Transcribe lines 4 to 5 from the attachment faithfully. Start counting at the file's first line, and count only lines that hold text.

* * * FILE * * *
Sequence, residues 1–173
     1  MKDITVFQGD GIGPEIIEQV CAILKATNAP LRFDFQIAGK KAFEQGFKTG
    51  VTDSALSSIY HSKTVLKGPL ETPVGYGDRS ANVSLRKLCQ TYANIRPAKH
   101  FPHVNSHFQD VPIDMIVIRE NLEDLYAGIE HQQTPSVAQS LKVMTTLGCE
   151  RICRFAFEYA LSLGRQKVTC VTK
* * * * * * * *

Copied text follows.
   101  FPHVNSHFQD VPIDMIVIRE NLEDLYAGIE HQQTPSVAQS LKVMTTLGCE
   151  RICRFAFEYA LSLGRQKVTC VTK